Canadian Forest Service Publications

Do late-successional tannin-rich plant communities occurring on highly acidic soils increase the DON/DIN ratio? 2008. Joanisse, G.D.; Bradley, R.L.; Preston, C.M. Biology and Fertility of Soils 44: 903-907.

Year: 2008

Issued by: Pacific Forestry Centre

Catalog ID: 28812

Language: English

Availability: PDF (request by e-mail)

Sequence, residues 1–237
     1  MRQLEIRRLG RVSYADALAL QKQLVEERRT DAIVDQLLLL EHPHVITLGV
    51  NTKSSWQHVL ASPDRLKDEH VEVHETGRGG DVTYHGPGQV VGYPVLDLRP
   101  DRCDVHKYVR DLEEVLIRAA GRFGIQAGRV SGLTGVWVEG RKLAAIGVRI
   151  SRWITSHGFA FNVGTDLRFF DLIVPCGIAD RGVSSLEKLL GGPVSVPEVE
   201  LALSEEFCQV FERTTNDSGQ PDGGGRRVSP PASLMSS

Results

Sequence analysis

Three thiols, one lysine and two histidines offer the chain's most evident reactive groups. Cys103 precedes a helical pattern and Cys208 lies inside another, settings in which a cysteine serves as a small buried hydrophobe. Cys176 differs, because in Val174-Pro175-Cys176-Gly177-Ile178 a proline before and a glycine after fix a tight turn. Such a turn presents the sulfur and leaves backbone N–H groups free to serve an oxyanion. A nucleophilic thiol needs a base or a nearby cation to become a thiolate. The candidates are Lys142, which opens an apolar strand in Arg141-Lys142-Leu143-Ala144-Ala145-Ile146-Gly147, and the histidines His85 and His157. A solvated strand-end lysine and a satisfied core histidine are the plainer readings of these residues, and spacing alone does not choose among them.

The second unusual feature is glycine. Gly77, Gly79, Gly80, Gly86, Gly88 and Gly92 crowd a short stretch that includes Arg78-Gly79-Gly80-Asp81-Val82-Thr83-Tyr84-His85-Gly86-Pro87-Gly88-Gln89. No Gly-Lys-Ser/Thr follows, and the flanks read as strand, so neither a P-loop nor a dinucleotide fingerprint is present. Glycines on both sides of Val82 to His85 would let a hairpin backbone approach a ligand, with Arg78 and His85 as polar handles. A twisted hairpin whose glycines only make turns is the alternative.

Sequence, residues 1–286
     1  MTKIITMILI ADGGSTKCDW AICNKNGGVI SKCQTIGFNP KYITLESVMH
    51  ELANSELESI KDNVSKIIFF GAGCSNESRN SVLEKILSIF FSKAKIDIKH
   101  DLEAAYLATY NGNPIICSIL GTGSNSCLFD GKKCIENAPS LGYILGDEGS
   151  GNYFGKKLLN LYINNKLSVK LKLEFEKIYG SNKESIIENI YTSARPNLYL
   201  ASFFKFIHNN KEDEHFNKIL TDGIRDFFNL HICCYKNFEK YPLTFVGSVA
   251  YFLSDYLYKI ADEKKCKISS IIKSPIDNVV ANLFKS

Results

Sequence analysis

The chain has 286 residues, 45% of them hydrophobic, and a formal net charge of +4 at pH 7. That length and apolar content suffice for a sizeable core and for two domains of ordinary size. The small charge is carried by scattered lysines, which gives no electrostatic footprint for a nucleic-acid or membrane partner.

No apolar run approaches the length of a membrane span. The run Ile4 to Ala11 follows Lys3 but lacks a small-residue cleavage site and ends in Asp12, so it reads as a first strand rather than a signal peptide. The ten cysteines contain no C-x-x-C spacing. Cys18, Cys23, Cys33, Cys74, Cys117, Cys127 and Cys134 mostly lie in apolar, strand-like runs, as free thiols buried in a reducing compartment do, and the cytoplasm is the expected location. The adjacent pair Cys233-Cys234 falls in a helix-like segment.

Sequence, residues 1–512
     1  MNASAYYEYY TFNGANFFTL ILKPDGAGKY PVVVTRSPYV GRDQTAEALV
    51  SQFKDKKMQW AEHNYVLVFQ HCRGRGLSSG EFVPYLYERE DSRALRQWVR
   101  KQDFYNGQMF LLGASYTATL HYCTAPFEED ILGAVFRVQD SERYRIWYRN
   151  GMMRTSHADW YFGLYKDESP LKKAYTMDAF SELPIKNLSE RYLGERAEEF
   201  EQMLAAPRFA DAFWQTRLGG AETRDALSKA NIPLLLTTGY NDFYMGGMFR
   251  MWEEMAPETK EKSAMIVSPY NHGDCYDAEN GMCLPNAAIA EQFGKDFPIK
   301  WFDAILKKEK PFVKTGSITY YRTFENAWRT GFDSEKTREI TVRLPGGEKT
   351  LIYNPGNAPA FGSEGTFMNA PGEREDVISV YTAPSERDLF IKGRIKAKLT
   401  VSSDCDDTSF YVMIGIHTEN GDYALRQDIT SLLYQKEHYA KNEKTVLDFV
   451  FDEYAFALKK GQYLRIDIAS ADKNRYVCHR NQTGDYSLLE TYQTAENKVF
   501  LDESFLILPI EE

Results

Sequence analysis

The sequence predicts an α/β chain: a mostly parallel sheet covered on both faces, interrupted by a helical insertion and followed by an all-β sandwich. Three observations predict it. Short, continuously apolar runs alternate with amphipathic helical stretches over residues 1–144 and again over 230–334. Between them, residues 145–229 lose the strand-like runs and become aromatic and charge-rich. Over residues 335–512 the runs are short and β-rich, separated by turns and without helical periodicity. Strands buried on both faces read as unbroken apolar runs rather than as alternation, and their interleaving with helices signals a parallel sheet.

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Previous studies suggested that late-successional tannin-rich plant communities increase the amount of dissolved organic N (DON) relative to dissolved inorganic N (DIN) in decomposing litter. We devised an experiment to test this hypothesis by adding varying proportions of black spruce (Picea mariana) and tannin-rich Kalmia angustifolia litter to forest floor samples collected on six black spruce cutovers. An increasing proportion of Kalmia litter increased condensed tannin and total phenolic concentrations over the course of a 46-week incubation period. Mineral N concentrations did not vary among treatments in spite of much higher total N concentrations in Kalmia litter. This was more likely due to the formation of protein-tannin complexes rather than microbial immobilization of N, as indicated by the decline in available C with increasing Kalmia litter on two of the five sampling dates. There was a significant positive linear trend between the proportion of Kalmia litter and the DON/DIN ratio on one sampling date (week 13) only. Results suggest that the DON/DIN ratio is controlled by confounding factors (e.g., tannins bonding with non-extractable humus particles) and has limited value for describing ecological succession.